Deciphering the biological functions of F-box proteins through the use of Parallel Adaptor Capture (PAC) proteomics.
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CitationTan, Meng Kwang Marcus. 2013. Deciphering the biological functions of F-box proteins through the use of Parallel Adaptor Capture (PAC) proteomics.. Doctoral dissertation, Harvard University.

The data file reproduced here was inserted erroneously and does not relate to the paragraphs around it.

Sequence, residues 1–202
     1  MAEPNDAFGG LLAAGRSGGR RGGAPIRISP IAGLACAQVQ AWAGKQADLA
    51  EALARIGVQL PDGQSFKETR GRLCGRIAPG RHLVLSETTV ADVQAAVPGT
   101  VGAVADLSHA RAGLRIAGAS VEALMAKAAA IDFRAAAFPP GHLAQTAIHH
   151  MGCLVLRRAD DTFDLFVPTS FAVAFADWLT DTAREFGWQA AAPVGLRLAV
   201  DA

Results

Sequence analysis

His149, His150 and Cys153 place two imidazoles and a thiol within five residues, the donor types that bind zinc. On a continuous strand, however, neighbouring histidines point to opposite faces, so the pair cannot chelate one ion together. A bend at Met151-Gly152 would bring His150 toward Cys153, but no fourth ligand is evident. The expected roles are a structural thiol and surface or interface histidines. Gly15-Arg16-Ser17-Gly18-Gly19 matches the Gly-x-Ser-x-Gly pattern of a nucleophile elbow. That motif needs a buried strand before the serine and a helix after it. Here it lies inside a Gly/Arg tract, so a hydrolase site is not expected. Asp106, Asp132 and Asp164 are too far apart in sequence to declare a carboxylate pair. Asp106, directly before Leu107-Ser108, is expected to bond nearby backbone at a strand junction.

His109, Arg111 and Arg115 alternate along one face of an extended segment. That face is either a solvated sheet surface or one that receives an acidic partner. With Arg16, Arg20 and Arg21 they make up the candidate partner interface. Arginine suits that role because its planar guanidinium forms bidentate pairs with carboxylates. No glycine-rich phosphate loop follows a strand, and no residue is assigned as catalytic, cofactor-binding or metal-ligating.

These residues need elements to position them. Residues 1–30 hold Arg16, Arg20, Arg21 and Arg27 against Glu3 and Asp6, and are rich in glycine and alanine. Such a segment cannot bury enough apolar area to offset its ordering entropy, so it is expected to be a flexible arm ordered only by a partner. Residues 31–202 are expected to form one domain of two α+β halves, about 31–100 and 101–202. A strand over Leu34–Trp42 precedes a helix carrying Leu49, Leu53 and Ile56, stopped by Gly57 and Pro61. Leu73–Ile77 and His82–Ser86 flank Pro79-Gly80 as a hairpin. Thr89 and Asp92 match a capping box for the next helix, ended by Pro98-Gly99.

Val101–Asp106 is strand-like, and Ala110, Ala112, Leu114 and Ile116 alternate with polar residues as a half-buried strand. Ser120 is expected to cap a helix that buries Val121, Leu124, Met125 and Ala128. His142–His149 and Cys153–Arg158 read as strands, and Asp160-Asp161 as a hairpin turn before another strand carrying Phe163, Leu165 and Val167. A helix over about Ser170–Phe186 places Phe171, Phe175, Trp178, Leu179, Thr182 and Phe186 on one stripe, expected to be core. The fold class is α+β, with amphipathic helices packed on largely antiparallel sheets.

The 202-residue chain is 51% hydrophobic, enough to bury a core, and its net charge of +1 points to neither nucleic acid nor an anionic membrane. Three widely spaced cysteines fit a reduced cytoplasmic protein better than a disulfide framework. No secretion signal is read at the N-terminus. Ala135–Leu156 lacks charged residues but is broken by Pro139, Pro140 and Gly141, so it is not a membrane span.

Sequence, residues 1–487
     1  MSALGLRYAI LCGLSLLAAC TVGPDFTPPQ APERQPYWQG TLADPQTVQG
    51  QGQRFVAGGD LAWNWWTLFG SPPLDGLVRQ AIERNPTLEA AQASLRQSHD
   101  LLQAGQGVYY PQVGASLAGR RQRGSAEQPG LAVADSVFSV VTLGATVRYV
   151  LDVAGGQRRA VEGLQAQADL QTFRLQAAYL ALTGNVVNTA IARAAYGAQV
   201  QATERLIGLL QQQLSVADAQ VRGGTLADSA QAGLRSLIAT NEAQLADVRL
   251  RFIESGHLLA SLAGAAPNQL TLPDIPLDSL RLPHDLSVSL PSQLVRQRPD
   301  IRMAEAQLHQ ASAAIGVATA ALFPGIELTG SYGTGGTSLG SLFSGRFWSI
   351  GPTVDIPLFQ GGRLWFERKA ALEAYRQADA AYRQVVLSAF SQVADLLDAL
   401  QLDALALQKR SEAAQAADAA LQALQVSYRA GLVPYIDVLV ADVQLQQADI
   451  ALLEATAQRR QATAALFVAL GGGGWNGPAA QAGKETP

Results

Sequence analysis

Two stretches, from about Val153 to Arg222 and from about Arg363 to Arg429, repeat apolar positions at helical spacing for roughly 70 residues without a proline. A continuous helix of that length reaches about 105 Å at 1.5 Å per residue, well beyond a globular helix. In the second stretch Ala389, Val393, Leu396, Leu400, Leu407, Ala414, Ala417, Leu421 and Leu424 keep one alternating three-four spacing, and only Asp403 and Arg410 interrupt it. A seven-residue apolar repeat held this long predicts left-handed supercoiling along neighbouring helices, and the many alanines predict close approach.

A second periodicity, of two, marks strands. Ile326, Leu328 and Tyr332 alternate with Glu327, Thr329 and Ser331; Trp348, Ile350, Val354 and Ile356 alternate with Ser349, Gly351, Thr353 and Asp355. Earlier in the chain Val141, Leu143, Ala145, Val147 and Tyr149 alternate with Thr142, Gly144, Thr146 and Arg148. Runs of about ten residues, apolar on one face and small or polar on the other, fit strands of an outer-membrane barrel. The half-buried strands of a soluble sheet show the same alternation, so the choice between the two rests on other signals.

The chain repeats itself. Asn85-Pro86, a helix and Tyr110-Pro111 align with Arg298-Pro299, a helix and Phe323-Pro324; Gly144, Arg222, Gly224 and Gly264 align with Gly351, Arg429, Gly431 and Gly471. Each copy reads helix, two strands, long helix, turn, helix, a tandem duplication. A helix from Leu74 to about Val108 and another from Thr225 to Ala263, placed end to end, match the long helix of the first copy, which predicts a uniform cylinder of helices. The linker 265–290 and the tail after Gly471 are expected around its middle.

AbstractThe timely and selective proteasomal degradation of proteins is important for the maintenance of proper cellular processes. Prior to proteasomal degradation, proteins destined for degradation are polyubiquitiylated by ubiquitin ligases (E3s). The SKP1-CUL1-F-box protein (SCF) complex is a member of the cullin-RING ligase (CRL) superfamily of modular, multi-protein E3s, in which the F-box protein (FBP) acts as a substrate specificity factor for the recruitment of substrates to the SCF complex. Many of the 69 human FBPs remain uncharacterized. From our current knowledge of FBPs, we know that they regulate a myriad and diverse set of cellular processes and their misregulation is associated with diseases, including cancer. Though many approaches exist for the identification of SCF substrates and/or interactors, most existing genetic and quantitative proteomic methods are not capable of adaptor identification, while interaction proteomic approaches are generally performed in a low throughput manner. To facilitate our characterization of FBPs, we have developed a novel, facile proteomic approach for the identification of interactors, including substrates, of FBPs. In this method, FBPs, which together with SKP1 form the adaptor subunit of the SCF complex, are individually expressed in cells. These cells are subsequently exposed to 3 conditions: left untreated, treated with MLN4924 (neddylation inhibitor) or treated with Bortezomib (proteasome inhibitor). After treatment, cells are lysed, and the lysates are affinity-purified and processed in parallel for proteomic analysis. This approach, which we have named Parallel Adaptor Capture (PAC) proteomics, was successfully applied for the characterization of three novel FBP/substrate interactions: FBXW11 (β-TrCP2)/DEPTOR (Appendix 1), FBXL17/BACH1 (Chapter 2) and FBXO22/KDM4A (Chapter 3). Besides the characterization of these FBPs, PAC proteomics was performed on 19 leucine-rich repeats containing FBPs, the FBXLs, identifying 230 high confidence interacting proteins, including known regulatory proteins and substrates. Deciphering the biological context and significance of these interactions will allow us to understand the importance of FBXLs in the cellular processes in which they regulate. Since CRLs require neddylation to efficiently ubiquitylate their substrates and most CRL substrates are degraded by the proteasome, PAC proteomics, in principle, can also be applied to other CRL adaptors.
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